The Soufan Group MORNING BRIEF in association with the Center on National Security at Fordham Law

Morning Brief - 2/21/12

Hundreds of Afghans demonstrated outside the gates of Bagram Air Base on Tuesday over reports that NATO personnel there burned copies of the Koran. The NATO commander in Afghanistan, Gen. John R. Allen, issued an apology, acknowledging that personnel at the base had “improperly disposed” of Korans and Islamic materials. “When we learned of these actions, we immediately intervened and stopped them,” Allen’s statement said. “I assure you this was not intentional in any way.” (NYT, CNN)

The United States
Plane crash in Djibouti: Four U.S. Special Operations service members were killed Saturday when their reconnaissance plane crashed near the U.S. base in Djibouti, the Defense Department said yesterday. The plane had been conducting a surveillance mission in Afghanistan, and the crash is under investigation. (AP, Wired, NYT)

Conflict Zones
Yemenis went to polling stations on Tuesday to vote to oust President Ali Abdullah Saleh. “In reality,” reports the New York Times, the election “is meant to be more symbolic than democratic: the only candidate is Vice President Abed Rabbo Mansour al-Hadi.” Still, “it is an important transitional moment for a nation that has been mired in conflict for more than a year, leaving its troubled economy in tatters and many people dead or wounded.” (NYT) If Yemen’s new government “moves quickly to restructure its military forces, stem official corruption and implement electoral reforms,” the Obama administration is prepared to increase assistance to the country, a U.S. official said Monday, according to the Washington Post.

An Iranian defense official struck a bellicose tone on Tuesday, warning that Iran might take pre-emptive action if it felt its national interests were threatened. Mohammed Hejazi, the deputy armed forces head, said that “our strategy now is that if we feel our enemies want to endanger Iran’s national interests, and want to decide to do that, we will act without waiting for their actions,” the New York Times reports. A team from the IAEA arrived in Iran on Monday for a two-day visit, but the investigators appear to be limited to talks, rather than visiting nuclear sites as they had sought to do. Iranian state media also indicated that a ban on oil exports to the UK and France, announced Sunday, might be expanded to other European countries. (AP, CNN, NYT)

Afghanistan: Afghanistan’s spy agency will reportedly be deployed to army units across the country in order to monitor Afghan soldiers in an attempt to weed out those who might pose a threat to coalition forces. (WSJ)

Syria: Syrian forces continue to bombard Homs, with activists reporting at least seven dead on Tuesday. (AP) Two Iranian warships that had docked in Syria have reportedly left. (NYT)

Terror plot in Thailand: “Big questions remain about who was behind” a plot involving several Iranian men who blew up their rented house in Bangkok last week, the Associated Press reports. (AP)

Arguments, Editorials, and Must Reads
Mansfield Frazier on ‘invented’ homegrown terrorists: “If federal authorities thought Amine El Khalifi was a clear and present danger to America, they could have easily solved the problem by deporting the 29-year-old Moroccan, who had been living as an illegal immigrant in northern Virginia for years, having overstayed his visitor’s visa by a decade,” writes Frazier in The Daily Beast. “Instead, he was arrested Friday in a garage outside the U.S. Capitol for allegedly planning to set off a fake suicide vest and shoot people with an inoperable automatic weapon—both provided to him by his government handlers.” If the Feds hadn’t gotten involved, would the same thing have happened? “You want to be very sure that the narrative is not substantially provided by the government,” says Karen Greenberg. “There’s a lot of gray area in these cases.”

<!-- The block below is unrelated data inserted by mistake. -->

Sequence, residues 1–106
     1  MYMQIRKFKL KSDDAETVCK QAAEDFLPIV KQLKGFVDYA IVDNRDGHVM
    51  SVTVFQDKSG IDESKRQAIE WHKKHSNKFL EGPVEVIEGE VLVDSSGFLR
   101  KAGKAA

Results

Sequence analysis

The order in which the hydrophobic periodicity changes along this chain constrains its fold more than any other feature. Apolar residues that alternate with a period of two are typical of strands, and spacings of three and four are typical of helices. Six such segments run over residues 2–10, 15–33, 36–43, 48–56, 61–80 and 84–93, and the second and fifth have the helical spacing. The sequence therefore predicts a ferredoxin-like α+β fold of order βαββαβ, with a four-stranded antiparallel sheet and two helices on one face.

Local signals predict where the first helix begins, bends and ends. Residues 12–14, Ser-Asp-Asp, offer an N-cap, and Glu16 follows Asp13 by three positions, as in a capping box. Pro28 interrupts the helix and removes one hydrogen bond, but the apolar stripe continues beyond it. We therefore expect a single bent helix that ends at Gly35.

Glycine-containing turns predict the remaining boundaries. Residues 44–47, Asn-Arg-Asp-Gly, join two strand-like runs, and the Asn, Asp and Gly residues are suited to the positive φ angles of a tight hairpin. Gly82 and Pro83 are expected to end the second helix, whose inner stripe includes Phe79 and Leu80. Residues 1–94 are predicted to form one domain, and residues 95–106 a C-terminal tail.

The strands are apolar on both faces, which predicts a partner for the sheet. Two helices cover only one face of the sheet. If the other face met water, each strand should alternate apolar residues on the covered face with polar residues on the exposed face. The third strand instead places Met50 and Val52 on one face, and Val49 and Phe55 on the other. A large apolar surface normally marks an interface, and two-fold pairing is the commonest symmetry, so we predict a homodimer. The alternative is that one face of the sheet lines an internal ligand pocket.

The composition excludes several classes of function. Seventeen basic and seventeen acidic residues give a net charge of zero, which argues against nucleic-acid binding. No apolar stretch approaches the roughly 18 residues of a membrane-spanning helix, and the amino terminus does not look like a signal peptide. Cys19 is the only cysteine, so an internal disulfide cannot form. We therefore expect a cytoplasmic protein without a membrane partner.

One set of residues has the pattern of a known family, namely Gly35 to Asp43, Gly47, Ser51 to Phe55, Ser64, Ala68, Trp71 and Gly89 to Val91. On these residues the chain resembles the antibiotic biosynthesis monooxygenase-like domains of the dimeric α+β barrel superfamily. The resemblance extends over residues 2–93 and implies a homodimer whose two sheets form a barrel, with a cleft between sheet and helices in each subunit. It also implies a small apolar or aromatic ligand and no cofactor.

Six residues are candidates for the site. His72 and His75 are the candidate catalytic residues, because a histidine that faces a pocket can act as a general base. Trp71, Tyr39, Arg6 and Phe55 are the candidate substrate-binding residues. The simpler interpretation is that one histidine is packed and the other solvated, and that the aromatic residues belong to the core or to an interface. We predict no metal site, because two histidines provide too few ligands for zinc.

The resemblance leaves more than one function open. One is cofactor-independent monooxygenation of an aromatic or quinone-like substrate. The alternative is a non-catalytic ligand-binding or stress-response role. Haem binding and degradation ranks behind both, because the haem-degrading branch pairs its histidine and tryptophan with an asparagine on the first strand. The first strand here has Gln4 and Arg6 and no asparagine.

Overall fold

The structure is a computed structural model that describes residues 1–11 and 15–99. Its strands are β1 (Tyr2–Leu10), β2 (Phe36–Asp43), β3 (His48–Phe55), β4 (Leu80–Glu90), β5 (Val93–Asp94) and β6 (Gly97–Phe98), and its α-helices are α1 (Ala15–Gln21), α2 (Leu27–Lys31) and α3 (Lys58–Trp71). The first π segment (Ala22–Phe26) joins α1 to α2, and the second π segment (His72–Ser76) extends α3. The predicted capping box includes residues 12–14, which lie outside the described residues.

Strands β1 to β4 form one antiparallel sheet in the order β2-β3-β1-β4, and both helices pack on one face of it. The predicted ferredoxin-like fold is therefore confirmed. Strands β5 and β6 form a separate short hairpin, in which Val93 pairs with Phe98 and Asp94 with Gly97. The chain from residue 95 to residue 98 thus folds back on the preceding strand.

Samuel Rascoff on why Uncle Sam is no imam: “From a national security point of view, challenging ideas that underpin radical Islam makes sense,” writes Rascoff in the New York Times. “Counterterrorism is ultimately about ideas; why shouldn’t officials try to marginalize the theological teachings cited by violent terrorists? The problem is that when American officials intervene in Islamic teachings — interpreting them to believers in a national-security context and saying which are or are not acceptable — they create tensions, both legal and strategic.”

NYT’s Room for Debate on the use of civilian drones: “Now that American civilians have wide latitude to use drone aircraft, the potential is dizzying: shooting Hollywood films, crop dusting, monitoring weather, spying on neighbors, photographing celebrities,” writes the NYT. “Should the government restrict where drones can fly and film, to protect people’s privacy? Or should we all assume that if we are outdoors or near a window, we have no privacy?” Five commentators, including Harvard Law’s Jonathan Zittrain and M. Ryan Calo of the Center for Internet and Society, weigh in.

The Washington Post on the man who retrieves the Taliban’s dead: “In the southern province that has borne more violence and death than any other since the war began, the Taliban knows Hakim as the man who can retrieve insurgents’ bodies from American and Afghan authorities and return them to their families and comrades,” reports Kevin Sieff in the Washington Post. “In the past six years, he has done it 127 times, carrying letters of permission from both the Afghan government and the Taliban as he weaves through Kandahar in a beat-up yellow taxicab, with dead insurgents in the trunk.”